War movies nearly always automatically get filed under “Stuff Your Dad Likes,” whether your own personal dad has any feelings about them or not. But don’t let that stop you from seeing Greyhound, starring—and written by—Tom Hanks, as a World War II naval officer who’s just been given command of his first Fletcher-class destroyer. Don’t know what a Fletcher-class destroyer is? Don’t worry—Greyhound, out now on Apple TV+, is perfectly enjoyable even if you don’t catch every nuance of the lingo. A war adventure set on the bleak, pearl-gray seas of the Atlantic, it’s tense and quietly thrilling, though it’s brushed with somber elegance, too. There’s an abstract, poetic quality to Greyhound; it’s less about rah-rah heroics than it is about the secret burden of heroism—because with wartime heroism, there’s always a price to pay.
Who better than Hanks to show the weight of that burden? He plays Captain Ernest Krause, a career navy officer embarking on his first wartime mission: His vessel, Greyhound, is part of an escort force accompanying a fleet of ships through what, during World War II, was the most dangerous part of the Atlantic, the stretch known as “the Black Pit.” Krause and his ships would have no air cover during this part of the crossing, leaving them vulnerable for several days to attack by German U-boats. And it’s not long before they encounter one: A predatory monster of the deep emblazoned with a bloodthirsty, red-eyed wolf. At one point the enemy hijacks Greyhound’s radio signal and taunts Krause’s crew with demoralizing propaganda: “We watch your ships sink into the deep. We hear the screams of your comrades as they die,” croons the menacing, disembodied, German voice. Before Krause can get the PA system turned off, he glares at the radio speaker, as if to stare down the spooky taunt flowing from it: “The Grey Wolf is so very hungry.”
Krause’s worries mount. His ship runs through its supply of depth chargers long before it’s out of dangerous waters, and its radar and sonar aren’t always reliable. Meanwhile, the Grey Wolf threatens every ship in the convoy, and Krause fears for his men. They look to him for guidance, a sea of faces as smooth as the ocean around them is rough. Though Greyhound doesn’t give you a sense of these men as individuals, you can’t help feeling for them: Collectively, they’re the face of youth, a symbol of the just-barely-started lives any country puts on the line when it goes to war.
That’s part of the weight Krause carries: He’s been around for a while, but it’s the first time he’s been responsible for so many souls. Hanks is so good at playing super-conscientious men that he could probably do it in his sleep, but I find, these days, at least, that I don’t tire of watching him. With Hanks, one squint is worth a thousand words, and in Greyhound he has a vast wealth of squints at his disposal: Some indicate moderate anxiety; others suggest a specific kind of heartache he might never get over. Collectively, they mark Krause as intricately human. He’s a man who prays, and not just when he’s scared. And there’s a woman waiting for him back home (Elisabeth Shue, in a role that is sadly tiny), someone he longs to get back to. Greyhound is in some ways conventional, though always affectionately so. Hanks adapted the script from C.S. Forester’s 1955 novel The Good Shepherd, and the script’s rapid-fire dialogue—a relay of orders being passed from one man to another, the embarrassment of a sailor who swears in front of the captain and then races to apologize—feeds into its current of scrappy energy.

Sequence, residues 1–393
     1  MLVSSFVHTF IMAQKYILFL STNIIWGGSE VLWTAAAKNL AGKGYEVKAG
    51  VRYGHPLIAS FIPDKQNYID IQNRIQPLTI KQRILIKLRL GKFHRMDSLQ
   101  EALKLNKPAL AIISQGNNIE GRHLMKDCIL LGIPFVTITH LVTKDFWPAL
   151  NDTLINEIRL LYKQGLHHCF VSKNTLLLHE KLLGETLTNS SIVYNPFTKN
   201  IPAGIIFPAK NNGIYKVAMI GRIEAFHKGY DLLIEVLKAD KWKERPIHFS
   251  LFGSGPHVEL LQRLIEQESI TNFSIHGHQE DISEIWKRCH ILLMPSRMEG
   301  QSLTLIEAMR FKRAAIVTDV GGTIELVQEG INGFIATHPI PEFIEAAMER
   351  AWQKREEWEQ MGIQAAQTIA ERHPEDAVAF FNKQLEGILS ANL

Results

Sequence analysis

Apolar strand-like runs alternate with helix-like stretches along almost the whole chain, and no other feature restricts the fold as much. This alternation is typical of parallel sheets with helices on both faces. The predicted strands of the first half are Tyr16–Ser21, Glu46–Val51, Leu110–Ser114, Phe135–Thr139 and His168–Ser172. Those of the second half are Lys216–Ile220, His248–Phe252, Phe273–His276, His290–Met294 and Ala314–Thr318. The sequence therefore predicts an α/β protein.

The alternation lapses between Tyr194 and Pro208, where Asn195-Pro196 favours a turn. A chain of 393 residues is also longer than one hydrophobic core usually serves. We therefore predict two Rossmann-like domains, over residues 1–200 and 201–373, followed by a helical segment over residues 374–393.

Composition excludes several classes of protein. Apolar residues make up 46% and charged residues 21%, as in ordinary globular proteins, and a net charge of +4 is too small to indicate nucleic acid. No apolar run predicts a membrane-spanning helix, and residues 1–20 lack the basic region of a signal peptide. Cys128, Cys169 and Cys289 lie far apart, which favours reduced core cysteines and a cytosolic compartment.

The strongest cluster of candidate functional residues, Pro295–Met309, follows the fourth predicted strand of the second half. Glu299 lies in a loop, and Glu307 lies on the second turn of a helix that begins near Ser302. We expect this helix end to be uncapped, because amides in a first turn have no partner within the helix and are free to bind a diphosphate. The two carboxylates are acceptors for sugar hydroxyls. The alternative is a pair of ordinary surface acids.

Greyhound is gorgeous to look, evocative in all its seafaring desolation: The sight of a German torpedo barreling toward Krause’s ship, visible only as a streak of white plowing through the dusky water, has a shivery beauty. (The cinematographer is Shelly Johnson. The director, Aaron Schneider, has worked mostly as a cinematographer on television projects, and has directed one previous film, the 2009 Get Low, with Robert Duvall and Sissy Spacek.) And Hanks and Schneider take care with the movie’s emotional details. Rob Morgan—a terrific actor seen recently in The Photograph and Just Mercy and, before that, in Mudbound) plays Cleveland, the mess mate in charge of preparing Krause’s meals. The role is small, but it’s potent, an acknowledgment of how even the smallest wartime responsibility can have significance beyond measure. Krause accepts his meals gratefully, but doesn’t eat them, and that worries Cleveland: He knows it’s his job to keep the captain fed, but his concern goes beyond duty; there’s a sense of protectiveness there too, the knowledge that a human being with a tough job needs sustenance. Cleveland and Krause appear, at first, to have only polite and superficial interaction with one another. But a jagged turn in the story reveals that Krause understands exactly all that Cleveland has done for him—the moment we recognize that is stirring and subtle. Watch Greyhound with a dad you love, or in memory of a dad you love. And know that there’s no shame in having dad taste.
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